Visa Crunch

Canada: International Students, Migrant Workers In Manitoba Want Equitable Health Care

A group of 15 grassroots Manitoba community organizations believes the province must guarantee that everyone has fair access to health care, and they want to keep that issue alive in the province’s political discussion.

Since its abolition in 2018, international students, migrant workers, refugees, and undocumented immigrants have been denied access to publicly financed universal health care in Manitoba, but the Healthcare for All movement is working to restore it.

“The government should stop treating humans as numbers for economic purposes, but see value in us and extend health coverage to us,” Judith Oviosun, the coordinator of the provincial campaign for the Manitoba chapter of the Canadian Federation of Students, said at a news conference November 25.

Oviosun, a Nigerian, earned his bachelor’s degree from the University of Manitoba earlier this year. Before the modification to the Health Services Insurance Act in 2018, she had access to publicly financed health care as a student, which the province said would save more than $3 million per year.

However, students have felt like “easy targets and cash cows” of the Manitoba government since then, according to Oviosun.

“This is just plain discrimination and we can just see this policy for what it is, as being racist, because the government is single-handedly picking and choosing which Manitobans should have access to health care and who shouldn’t.”

She isn’t the only international student or migrant worker who believes the provincial government has shunned them. A University of Minnesota microbiology student, Tolani Olanrewaju, has private health insurance, but she still needs to spend $65 practically every time she visits the doctor.

She got a CT scan in August and was told she would get the results in a few days. After two months, she finally got her answer. When Olanrewaju called the clinic, she was informed that the delay was due to her private health insurance.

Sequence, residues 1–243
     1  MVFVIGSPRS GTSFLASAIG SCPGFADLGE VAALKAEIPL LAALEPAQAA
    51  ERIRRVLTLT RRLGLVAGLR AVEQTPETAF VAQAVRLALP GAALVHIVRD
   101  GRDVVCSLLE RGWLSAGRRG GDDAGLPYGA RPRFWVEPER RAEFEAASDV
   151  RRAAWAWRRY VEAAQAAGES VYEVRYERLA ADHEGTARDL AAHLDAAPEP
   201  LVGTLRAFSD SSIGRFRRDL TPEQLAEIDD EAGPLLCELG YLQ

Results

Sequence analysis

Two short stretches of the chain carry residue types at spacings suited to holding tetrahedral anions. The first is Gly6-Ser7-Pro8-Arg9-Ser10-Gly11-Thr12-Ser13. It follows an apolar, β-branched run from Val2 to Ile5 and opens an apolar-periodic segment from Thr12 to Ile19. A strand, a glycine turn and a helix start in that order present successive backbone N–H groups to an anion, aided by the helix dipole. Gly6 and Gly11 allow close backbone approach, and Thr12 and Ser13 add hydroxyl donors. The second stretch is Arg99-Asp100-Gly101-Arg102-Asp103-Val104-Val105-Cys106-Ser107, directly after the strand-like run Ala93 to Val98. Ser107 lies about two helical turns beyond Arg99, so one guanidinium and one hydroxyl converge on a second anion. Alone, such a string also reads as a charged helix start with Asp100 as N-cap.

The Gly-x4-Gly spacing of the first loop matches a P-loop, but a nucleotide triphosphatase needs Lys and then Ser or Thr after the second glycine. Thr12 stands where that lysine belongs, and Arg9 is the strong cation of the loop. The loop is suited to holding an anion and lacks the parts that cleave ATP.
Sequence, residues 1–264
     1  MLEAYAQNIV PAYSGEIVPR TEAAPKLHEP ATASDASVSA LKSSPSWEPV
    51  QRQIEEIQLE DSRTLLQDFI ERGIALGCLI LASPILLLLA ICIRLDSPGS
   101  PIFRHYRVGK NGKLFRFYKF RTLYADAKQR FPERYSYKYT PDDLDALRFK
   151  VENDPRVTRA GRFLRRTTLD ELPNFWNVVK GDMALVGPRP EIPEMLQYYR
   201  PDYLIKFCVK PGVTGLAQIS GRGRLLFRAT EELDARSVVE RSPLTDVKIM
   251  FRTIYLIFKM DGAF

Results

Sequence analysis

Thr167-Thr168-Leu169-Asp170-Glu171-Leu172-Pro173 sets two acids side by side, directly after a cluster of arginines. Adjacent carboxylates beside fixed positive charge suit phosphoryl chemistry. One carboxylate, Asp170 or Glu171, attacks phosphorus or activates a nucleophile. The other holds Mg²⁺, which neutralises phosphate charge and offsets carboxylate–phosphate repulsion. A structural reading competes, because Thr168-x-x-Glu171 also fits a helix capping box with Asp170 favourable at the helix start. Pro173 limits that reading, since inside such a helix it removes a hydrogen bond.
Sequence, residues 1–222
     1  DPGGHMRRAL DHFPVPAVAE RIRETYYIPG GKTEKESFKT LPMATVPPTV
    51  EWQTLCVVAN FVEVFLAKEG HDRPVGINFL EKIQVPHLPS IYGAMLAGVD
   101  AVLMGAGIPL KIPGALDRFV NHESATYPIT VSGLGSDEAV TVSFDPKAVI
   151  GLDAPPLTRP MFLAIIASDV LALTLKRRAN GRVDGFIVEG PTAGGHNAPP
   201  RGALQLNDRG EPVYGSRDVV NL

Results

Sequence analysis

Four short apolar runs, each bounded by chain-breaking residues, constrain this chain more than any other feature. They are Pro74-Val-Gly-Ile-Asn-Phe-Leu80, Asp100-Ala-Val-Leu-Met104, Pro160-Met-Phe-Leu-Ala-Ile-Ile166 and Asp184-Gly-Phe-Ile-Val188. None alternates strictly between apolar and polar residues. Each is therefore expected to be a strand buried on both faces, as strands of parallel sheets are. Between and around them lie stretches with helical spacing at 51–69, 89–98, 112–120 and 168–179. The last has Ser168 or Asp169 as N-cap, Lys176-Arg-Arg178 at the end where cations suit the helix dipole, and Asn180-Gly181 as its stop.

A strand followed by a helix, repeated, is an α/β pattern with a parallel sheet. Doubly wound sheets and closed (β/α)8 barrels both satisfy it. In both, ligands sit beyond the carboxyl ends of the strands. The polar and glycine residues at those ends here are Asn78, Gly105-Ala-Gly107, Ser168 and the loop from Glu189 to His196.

“It makes me less inclined to want to go [get] health care, and sometimes I postpone things that I should get checked,” she said. “Like right now, I probably should get my dentist appointment done, but [those are] things that make it very inconvenient for us. Health care is not accessible and it makes things really hard.”

There are 11,141 international students who are admitted to public post-secondary institutions, and all international students must pay health insurance payments in addition to their tuition. International students at the University of Manitoba pay $1,032 for a full year of Manitoba International Student Health Plan coverage.

The plan “provides international students with primary health coverage, allowing them to access medical services in Canada from doctors, clinics, and hospitals,” according to the University of Manitoba. Migrant labourers confront their own set of challenges. Those having a work permit for more than a year have immediate access to health care.

According to Diwa Marcelino, an organizer with Migrante Manitoba, which works for migrant workers, workers with a work visa that lasts less than a year must acquire their own health coverage, which is usually limited to emergency operations. They are less likely to complain about harassment, working conditions, or discrimination, he claims, since they are afraid of losing their employment, job status, or health insurance.

Rico Manaloto arrived in Canada in 2019 after working as an industrial butcher in the Philippines.

“Migrant workers need health care as a right. They don’t need health care to be put over their head like a dangling carrot for them to shut up and be quiet and continue to be exploited by their employers,” Marcelino said. “We need health care for all and we need it now.”

He is one of Manitoba’s more than 12,000 temporary migrant workers, but he was laid off in June and is having difficulty finding new work. “There’s a lot of companies that I applied [to work] for and they called me to be employed with them, but unfortunately they don’t allow me because my work permit is still tied up in name with a previous employer,” Manaloto said.

He applied for permanent residency in Canada, but it is still in the process of being processed. When Manaloto’s visa expires in August 2022, he now has to worry about his health insurance running out. “I am appealing with the government for my…application to have my permanent residency here in Canada so that I could stay here and find a job easily, and to have good health insurance, public insurance,” Manaloto said.

Healthcare for All initiated a petition on the website of the Canadian Federation of Students, which had nearly 500 signatures by Wednesday night. The NDP has pledged to read the petition several times in the Manitoba Legislature in an attempt to persuade the government to reverse course.

A government official told CBC in an email that Manitoba is “a destination of choice for many” and “quite cheap on many fronts.” According to the statement, the province is “dedicated to the safe arrival of both international students and new immigrants,” and will try to keep health care affordable.

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